UK Parliament Members Debate ‘Systematic Insertion of Violence, Martyrdom and Jihad’ in Palestinian Authority Textbooks
Members of the UK Parliament debated on Tuesday the issue of incitement to violence and terrorism in Palestinian Authority textbooks, with one expressing concern over “a systematic insertion of violence, martyrdom and jihad” in the educational materials.
The debate took place at Westminster Hall, where MPs can raise specific issues with a government minister, though no votes are taken.
Citing a study by watchdog group IMPACT-se, MP Jonathan Gullis, a member of Conservative Friends of Israel, showed Minister of State James Cleverly an excerpt from a textbook glorifying terrorist Dalal al-Mughrabi, who murdered over 50 Israelis, 13 of them children.
“After examining 202 textbooks from the current curriculum, IMPACT-se found a systematic insertion of violence, martyrdom and jihad across all grades and subjects where the possibility of peace with Israel is rejected,” Gullis noted.
MP Stephen Crabb said, “Concerns have been constantly raised by members across parties in this house about the use of inciteful language in textbooks which whether directly or indirectly, UK aid has helped to finance. One of the questions we need an answer to this afternoon is why there has been so little progress.”
From the other side of the aisle, Steve McCabe, the head of Labour Friends of Israel, agreed, saying, “I strongly support a two-state solution and it is precisely because of that support that I believe it is imperative that we tackle the issue of radicalization in the Palestinian school curriculum.”
“It seeks to pass on old hatreds and prejudices to a new generation of young people,” he asserted. “It’s a barrier to reconciliation and coexistence, is pernicious and simply unacceptable.”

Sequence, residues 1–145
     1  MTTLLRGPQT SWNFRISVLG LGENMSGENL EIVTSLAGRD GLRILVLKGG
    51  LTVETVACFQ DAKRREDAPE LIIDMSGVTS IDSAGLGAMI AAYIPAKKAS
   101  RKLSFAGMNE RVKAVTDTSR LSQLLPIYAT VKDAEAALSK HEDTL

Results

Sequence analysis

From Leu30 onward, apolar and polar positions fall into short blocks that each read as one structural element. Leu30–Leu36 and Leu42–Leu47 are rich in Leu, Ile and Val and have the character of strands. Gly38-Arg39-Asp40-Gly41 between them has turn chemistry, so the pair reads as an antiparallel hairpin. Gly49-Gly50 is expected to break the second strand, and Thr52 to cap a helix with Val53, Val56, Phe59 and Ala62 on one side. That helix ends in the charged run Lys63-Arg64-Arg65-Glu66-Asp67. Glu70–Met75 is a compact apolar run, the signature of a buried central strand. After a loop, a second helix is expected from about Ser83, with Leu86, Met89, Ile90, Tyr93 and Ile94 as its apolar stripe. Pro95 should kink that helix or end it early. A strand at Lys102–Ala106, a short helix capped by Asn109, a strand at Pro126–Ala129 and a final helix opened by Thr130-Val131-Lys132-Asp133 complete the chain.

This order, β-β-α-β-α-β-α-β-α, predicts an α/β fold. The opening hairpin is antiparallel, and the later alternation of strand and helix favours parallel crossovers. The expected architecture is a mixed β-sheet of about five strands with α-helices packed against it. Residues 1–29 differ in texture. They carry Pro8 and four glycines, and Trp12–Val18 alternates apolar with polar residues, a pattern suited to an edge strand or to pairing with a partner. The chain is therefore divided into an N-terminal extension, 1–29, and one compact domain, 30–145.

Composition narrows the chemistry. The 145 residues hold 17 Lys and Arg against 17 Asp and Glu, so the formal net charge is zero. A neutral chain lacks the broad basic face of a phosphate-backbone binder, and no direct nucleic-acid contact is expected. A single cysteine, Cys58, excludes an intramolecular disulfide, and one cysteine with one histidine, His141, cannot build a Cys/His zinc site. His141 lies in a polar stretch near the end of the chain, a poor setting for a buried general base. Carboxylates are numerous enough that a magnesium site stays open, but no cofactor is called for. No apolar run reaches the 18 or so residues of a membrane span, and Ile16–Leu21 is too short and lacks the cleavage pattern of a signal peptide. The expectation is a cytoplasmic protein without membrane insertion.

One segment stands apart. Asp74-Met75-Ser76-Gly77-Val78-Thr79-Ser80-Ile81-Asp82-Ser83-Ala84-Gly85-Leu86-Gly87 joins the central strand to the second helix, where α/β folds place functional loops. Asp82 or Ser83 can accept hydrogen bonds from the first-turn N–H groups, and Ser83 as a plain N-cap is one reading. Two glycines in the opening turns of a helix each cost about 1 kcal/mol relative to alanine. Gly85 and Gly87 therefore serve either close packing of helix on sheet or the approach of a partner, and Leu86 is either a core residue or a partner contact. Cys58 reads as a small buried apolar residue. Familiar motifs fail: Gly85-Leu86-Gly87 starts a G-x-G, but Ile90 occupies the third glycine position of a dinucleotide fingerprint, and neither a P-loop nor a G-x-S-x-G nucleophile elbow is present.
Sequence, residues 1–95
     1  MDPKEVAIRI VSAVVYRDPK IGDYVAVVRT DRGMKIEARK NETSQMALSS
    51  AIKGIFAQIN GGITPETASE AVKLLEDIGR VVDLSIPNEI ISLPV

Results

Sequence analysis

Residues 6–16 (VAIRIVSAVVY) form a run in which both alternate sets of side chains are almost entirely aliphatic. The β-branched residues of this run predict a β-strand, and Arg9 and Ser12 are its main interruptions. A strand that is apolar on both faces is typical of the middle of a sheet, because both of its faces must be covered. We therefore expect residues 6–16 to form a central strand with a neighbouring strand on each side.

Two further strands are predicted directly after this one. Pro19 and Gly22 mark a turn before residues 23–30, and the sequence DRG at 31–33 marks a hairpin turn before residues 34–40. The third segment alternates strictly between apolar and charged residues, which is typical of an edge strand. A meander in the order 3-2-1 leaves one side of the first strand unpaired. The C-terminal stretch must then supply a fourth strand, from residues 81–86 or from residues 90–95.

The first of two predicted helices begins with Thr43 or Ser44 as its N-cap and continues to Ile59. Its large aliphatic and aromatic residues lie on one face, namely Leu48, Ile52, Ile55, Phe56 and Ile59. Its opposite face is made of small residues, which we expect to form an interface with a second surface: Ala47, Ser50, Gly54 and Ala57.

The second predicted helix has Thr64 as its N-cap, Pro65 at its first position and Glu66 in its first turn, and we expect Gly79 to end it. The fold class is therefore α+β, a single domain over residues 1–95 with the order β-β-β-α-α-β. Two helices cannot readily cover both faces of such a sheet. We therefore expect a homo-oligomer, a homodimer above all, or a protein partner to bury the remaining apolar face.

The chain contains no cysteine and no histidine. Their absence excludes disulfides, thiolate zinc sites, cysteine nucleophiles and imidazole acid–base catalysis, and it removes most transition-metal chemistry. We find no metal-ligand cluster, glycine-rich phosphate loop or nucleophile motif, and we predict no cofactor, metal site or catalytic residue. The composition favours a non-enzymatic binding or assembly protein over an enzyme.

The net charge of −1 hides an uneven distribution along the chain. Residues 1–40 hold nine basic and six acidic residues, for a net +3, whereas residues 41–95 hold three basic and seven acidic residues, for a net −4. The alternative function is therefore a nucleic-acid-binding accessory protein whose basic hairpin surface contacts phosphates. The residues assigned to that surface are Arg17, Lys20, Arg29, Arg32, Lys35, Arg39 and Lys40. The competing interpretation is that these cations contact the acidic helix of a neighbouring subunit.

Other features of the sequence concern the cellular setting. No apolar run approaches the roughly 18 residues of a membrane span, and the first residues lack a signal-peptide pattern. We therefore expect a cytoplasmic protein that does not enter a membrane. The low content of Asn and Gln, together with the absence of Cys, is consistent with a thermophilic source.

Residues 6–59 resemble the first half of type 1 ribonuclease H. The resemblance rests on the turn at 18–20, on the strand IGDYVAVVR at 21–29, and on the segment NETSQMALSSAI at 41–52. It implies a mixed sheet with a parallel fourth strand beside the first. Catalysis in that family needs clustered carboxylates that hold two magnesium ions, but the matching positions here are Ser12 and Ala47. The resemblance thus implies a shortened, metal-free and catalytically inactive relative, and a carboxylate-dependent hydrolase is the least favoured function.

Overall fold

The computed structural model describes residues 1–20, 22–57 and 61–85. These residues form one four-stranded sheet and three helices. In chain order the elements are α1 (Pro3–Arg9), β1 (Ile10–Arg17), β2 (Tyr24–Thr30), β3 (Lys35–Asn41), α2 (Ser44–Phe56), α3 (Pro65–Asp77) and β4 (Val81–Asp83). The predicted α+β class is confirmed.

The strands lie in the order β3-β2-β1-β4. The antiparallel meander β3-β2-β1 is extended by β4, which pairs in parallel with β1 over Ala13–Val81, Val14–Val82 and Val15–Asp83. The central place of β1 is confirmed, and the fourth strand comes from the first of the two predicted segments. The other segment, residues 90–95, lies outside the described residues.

The MPs also asked when a pending European Commission review of PA textbooks would be made public.
Cleverly replied, “An enduring principle we can all agree is that antisemitism is unacceptable in all its forms — it is offensive it is hateful and has no place anywhere in society least of all in the classrooms.”
“We are therefore deeply concerned about the reports of radicalization in the Palestinian education system and specifically the concerns around the Palestinian Authority’s textbooks and the incitement of hatred and violence towards Israelis,” he said. “And it is clear from the debate we have had so far today that these concerns are shared across this house.”
“These are serious allegations and we take them seriously,” Cleverly stated.
The head of IMPACT-se, CEO Marcus Sheff, commented on the debate, saying, “They rightly want to know why the European report on textbooks has still not seen the light of day, nearly two years after it was commissioned. These are good questions.”
“The European Commission has a responsibility to all those countries that have for years been financing the Palestinian Ministry of Education, to make the report publicly available and not to hide it away in shame,” he added.